Nov 12, 2014
The City advises residents that dead and dying Ash trees infested with Emerald Ash Borer (EAB) pose a safety concern. As winter approaches, with the potential for wind, snow and ice storms, the danger of falling branches and trees increases throughout Mississauga.
“Once infested with EAB, an Ash tree will die quickly,” said Gavin Longmuir, Manager of Forestry. “If an EAB infested ash tree is located in a yard, along a street or a fence, it could pose a safety risk and should be removed. Safety is the most important issue when determining when to remove your dead or dying ash tree.”
Mississauga City Council approved the EAB Active Management Plan in 2012. Under this plan, the City has taken the following action:
• inspected all city-owned Ash trees on streets and in parks
• inspecting Ash trees in woodlots
• treating sustainable Ash trees on streets and in parks with TreeAzin™
• removing street trees and trees in parks and woodlots city-wide; tree removal focuses on high risk areas next to roadways, trails and paths, homes, schools and buildings/facilities
• replanting city-owned street and park trees removed due to EAB within the community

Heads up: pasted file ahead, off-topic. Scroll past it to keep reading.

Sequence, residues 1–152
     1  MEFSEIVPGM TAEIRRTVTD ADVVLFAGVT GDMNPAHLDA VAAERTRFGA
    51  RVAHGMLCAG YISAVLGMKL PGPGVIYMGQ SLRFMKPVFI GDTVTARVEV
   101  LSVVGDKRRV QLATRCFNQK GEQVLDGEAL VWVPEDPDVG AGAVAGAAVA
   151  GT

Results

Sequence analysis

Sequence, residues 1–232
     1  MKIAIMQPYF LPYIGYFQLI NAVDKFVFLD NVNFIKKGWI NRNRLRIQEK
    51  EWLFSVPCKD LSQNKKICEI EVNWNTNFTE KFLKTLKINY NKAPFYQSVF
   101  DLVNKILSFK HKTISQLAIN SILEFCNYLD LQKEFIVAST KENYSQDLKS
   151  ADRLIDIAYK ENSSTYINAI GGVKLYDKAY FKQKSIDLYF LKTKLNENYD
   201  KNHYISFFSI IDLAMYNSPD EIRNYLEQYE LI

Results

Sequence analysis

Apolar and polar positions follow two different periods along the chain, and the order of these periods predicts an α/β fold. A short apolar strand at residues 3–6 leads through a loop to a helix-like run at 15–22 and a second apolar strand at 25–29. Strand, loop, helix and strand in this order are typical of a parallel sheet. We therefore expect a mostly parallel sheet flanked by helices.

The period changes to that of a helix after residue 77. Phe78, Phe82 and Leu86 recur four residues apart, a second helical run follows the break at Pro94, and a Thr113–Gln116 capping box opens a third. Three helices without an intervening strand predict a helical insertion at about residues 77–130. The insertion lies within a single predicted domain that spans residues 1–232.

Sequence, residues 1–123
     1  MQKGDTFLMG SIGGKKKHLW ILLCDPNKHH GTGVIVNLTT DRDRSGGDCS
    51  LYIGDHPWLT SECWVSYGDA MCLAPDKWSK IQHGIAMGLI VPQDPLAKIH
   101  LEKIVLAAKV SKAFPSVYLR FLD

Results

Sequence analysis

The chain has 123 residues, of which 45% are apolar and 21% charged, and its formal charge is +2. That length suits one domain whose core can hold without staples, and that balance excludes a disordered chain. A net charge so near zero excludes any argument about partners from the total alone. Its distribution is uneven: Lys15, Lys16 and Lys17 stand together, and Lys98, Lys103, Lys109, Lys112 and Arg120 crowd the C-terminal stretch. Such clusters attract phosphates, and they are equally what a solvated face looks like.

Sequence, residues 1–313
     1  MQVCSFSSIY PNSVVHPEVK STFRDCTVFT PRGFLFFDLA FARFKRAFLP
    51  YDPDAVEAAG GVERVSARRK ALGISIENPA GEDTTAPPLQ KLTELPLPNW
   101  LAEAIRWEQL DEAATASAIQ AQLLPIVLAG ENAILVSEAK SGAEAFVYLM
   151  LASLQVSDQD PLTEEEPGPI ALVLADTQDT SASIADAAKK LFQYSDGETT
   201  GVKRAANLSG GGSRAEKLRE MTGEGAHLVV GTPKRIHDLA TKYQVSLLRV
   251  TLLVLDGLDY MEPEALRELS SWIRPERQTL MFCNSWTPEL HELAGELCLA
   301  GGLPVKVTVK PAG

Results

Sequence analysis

“It is the property owner’s responsibility to treat or remove dead or dying Ash trees on their property,” added Longmuir. “The City needs our resident’s help to manage the impact of EAB and keep our community safe from falling branches and trees.”
If you think you have a tree on your property that is infested with EAB, contact an ISA certified arborist for advice. Visit mississauga.ca/eab for more information on EAB and what you can do.
EAB is an insect that kills all species of Ash trees native to North America and has infested and destroyed many Ash trees in Ontario, Quebec and the North Eastern United States. EAB was first discovered in Mississauga in 2008 and since that time has spread throughout the city.